Adoption is a process – both in the courts and in our hearts. Most couples talk about adoption for a long time before committing.
In between all that talking, praying and pondering, verbal shortcuts for deep thoughts begin to develop. We start saying things in our own lingo, not aware of how it might sound to others who don’t know our heart. At our core, we know that there are other peoples’ hearts on the line, too – birth parents and even our soon-to-be adopted children.
Because people are valuable and their hearts are precious, we do our best to develop accurate language around the matters of adoption. For instance…
We don’t say “Put their baby up for adoption….” – we say “Made an adoption plan.”
You may mean the same thing we do, but we’re very aware that the first phrase sounds like someone selling a used car or worse.
Making an adoption plan is not as simple or haphazard as saying “here’s my baby, who wants it?” When done right, it involves education, intentional pursuit of the right family, and a birth mother (and often birth father) making an intentional decision for a specific family to raise their baby.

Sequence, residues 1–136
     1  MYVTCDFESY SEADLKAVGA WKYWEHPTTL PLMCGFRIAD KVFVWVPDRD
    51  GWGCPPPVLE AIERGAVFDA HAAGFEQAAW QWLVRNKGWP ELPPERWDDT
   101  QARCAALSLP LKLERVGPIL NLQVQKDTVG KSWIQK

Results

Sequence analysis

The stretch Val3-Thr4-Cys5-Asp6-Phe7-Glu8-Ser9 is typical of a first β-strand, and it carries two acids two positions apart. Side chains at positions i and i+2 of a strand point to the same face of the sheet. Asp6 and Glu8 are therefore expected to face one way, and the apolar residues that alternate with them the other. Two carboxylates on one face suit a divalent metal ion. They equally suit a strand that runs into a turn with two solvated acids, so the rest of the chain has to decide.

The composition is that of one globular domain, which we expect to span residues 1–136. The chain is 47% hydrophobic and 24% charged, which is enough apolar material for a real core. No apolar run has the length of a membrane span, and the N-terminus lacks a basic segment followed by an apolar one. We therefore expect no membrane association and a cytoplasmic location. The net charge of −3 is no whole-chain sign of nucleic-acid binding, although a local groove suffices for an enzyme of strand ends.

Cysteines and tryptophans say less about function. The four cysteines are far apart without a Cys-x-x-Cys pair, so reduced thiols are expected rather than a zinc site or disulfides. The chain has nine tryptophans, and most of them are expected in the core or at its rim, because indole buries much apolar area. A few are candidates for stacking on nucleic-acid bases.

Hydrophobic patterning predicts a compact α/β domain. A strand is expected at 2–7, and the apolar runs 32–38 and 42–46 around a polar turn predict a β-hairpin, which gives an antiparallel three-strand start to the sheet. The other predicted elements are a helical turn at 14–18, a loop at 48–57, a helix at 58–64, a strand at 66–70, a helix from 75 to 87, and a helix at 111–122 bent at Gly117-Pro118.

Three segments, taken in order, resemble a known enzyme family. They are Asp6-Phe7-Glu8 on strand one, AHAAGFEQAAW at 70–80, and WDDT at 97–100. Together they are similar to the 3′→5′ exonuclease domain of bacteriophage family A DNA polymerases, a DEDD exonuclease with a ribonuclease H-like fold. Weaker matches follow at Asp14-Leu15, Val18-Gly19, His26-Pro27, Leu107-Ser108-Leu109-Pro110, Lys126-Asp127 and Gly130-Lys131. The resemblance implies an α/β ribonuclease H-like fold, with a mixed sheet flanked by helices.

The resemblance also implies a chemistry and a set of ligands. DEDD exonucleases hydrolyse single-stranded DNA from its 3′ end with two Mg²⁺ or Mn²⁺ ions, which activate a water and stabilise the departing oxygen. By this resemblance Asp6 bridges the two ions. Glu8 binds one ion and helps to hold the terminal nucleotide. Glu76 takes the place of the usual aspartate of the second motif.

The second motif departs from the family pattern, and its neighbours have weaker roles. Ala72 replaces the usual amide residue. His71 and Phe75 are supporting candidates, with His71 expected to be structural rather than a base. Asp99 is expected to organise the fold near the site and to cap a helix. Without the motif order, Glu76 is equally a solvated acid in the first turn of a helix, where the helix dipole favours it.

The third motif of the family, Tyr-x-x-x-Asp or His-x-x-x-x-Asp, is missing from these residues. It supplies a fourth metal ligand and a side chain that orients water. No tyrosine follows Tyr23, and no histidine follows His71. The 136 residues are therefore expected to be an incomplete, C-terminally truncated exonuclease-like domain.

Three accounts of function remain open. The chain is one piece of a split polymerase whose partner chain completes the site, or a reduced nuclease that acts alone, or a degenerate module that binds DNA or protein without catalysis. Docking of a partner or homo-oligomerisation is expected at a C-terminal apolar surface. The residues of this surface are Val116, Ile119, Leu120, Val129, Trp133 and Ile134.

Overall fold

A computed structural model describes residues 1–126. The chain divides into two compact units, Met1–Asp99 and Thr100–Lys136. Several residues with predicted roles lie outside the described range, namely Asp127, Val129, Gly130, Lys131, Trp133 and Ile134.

We don’t say “Decided to keep it….” when a birth mother decides against adoption. We say “Decided to parent.”
A baby is not an “it” to be kept or tossed away like an old pair of shoes. We recognize that some birth families just need time to think through their options and after considering adoption, may choose to parent their child. We love children and want to celebrate this option for birth parents.
We don’t say “Those are our real kids….”, we say “Those are our bio kids….”.
And even that feels weird. Bio kids? Are the adopted kids minerals? They’re all real kids.
It feels awkward for adoptive parents to talk about the children God has given them biologically versus those given to them by adoption because we don’t think about them any differently. When pressed to answer “How many of your kids are adopted?” sometimes we have to think about it – because we don’t think of them in different terms.
“Bio kids” sounds better than “real”, but understand we feel the same about them all.
The language of adoption is important because we are dealing with the hearts of eternal beings. If we want to make sure everyone receives the best care, why would we not give them all the highest regard?
If you’re ready to talk about adoption but don’t know where to start, we can help. Christian Adoption Consultants helps people through their adoption journey. Email firstname.lastname@example.org or call 1.888.833.1114.